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    Know Your Snow: Different Types Explained

    Types of Snow | ActionHub

    You’re a great winter sports enthusiast and like to find out as much as you can before hitting the slopes for your next big challenge. You’ve mastered many of the different techniques, from skiing to snowboarding, but one thing often remains elusive – the type of snow you’re walking across.

    If you’ve ever wondered what sort of snow you’re skiing on or the best kind of snow for your favorite winter spot, we’ve made a list to explain the most common types of snow.

    Next time you hit the slopes, you’ll be able to show off your expertise as well as your sporting abilities.

    Powder Snow

    If you’re hiking or climbing, powder snow can be difficult to navigate but is often loved by skiers and snowboarders. Fresh, fine flakes of snow that has newly fallen, layers of powder snow can be incredibly soft – which is good news if you’re a beginner and more prone to slipping or falling until you gain some experience.

    Speed is an important factor when you’re out on slopes covered with powder snow, and experts advise that you try to keep up a fast pace and lean back to for added stability.

    While powder snow can be fun when you’re out on the slopes, freshly laid snow can also cover up any potential obstacles, such as rocks or crevasses. Due to this, you need to be more vigilant, especially as you will be going at a higher speed.

    Once the snow has been frequently used by skiers and snowboarders, it will become what is known as packed powder snow. This type occurs when the new layers become flattened and compressed, which you can also do manually, as well as by traffic from the slopes.

    Piste Snow

    Most skiing slopes will be manually managed and altered by the resort to make it easier for visitors to navigate the course, no matter what their level of skill or experience.

    The snow on the slopes is combed by vehicles to make it appear smoother and cleaner. Doing this will also increase the lifespan of the surface and ensure that skiers can continue to use the slope for longer.

    Crud Snow

    When skiers and snowboarders begin to use slopes covered with powder, it starts to become what is known as crud snow. You’ll know when you’re skiing on crud snow, as it will be more uneven, with areas of packed and piled snow.

    With crud snow, the freeze-thaw process has already set in meaning the top layers that you will be skiing on will be harder, with a higher density.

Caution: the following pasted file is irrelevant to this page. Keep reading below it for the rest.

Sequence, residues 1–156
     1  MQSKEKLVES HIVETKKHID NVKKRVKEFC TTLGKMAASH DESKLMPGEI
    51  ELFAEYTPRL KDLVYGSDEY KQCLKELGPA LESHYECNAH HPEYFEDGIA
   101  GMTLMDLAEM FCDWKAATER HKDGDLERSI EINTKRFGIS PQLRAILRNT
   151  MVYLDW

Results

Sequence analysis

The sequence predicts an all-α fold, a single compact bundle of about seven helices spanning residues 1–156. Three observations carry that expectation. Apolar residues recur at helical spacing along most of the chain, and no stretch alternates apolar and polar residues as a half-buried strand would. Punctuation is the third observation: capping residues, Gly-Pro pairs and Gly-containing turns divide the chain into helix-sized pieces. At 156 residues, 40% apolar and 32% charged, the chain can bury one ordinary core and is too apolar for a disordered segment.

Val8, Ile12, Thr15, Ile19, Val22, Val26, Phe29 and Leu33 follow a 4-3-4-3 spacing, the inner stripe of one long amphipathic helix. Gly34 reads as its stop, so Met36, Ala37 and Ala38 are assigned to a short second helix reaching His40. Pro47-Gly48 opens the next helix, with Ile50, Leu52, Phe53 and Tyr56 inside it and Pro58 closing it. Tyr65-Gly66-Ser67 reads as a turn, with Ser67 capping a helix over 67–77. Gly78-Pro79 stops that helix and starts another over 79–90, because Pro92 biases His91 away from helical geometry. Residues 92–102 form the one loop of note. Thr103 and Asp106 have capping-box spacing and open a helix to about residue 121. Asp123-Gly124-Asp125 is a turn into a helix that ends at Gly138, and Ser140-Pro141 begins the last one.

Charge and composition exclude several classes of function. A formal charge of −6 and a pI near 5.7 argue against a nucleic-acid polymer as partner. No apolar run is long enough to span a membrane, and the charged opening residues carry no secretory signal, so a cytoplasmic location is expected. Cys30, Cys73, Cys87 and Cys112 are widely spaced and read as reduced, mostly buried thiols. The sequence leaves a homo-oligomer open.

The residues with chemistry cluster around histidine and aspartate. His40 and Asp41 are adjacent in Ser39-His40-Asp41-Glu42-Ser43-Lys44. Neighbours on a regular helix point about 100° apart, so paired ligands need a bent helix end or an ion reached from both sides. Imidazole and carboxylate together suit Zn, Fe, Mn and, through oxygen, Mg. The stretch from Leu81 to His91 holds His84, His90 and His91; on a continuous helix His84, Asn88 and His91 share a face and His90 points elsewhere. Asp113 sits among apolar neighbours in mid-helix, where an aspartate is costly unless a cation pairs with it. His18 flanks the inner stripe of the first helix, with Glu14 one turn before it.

The level of compactness can vary throughout the slope, meaning it will include more bumps and lumps over the course of the track. You will find that this creates a higher level of difficulty for skiers, which is why it is important that you remain focused and keep your eyes on the slope ahead of you when out in these conditions.

    Crust Snow

    Crud is closely followed by crust snow. The freeze-thaw process causes the top layer of snow to harden, forming a frozen crust that is generally not favored by winter sports enthusiasts.

    Several factors can accelerate this process, including rain and the sun. The top layer of crust snow is often melted and refrozen numerous times. This process creates an icy surface that can pose a challenge to skiers and snowboarders.

    Neve Snow

    The constant cycle of the freeze-thaw process can also create both neve and firn snow.

    When snow stays on the ground for an extended period, it becomes compressed by the weight of fresh snow on top of it. This process creates solid granules that become known as neve snow, which then starts to melt in the sun and freezes into a layer of ice.

    Neve snow is tightly bound together and has the appearance of large granules.

    Firn Snow

    Firn snow is the result of layers of neve snow remaining on the ground for more than a year, during which time it begins to freeze.

    Over many years, firn snow starts to form the beginnings of a glacier, forming compact ice with a high density.

    Slush

    Most people will encounter slush whether they are heading to the slopes or not and many will not enjoy the experience. Slush forms when the snow starts to melt, meaning it can be tough to take part in any winter sports on this type of snow.

    Slush is often mostly water, meaning you will need to prepare for your clothing to become very cold and wet if you do decide to go onto the slopes at the end of the season.

    As wet snow, slush is heavier than the kind of snow that you will usually find out on the slopes and is most likely to occur towards the end of the skiing season. Experts recommend that you try to avoid going skiing or snowboarding on a course where the snow has started to melt into slush.

    Now that you know the different types of snow and how they can affect you out on the slopes, you can choose the best time to challenge yourself with a new winter sport. Different techniques suit different kinds of snow, meaning you can adapt your style when skiing or snowboarding to get the most out of your time on the slopes.

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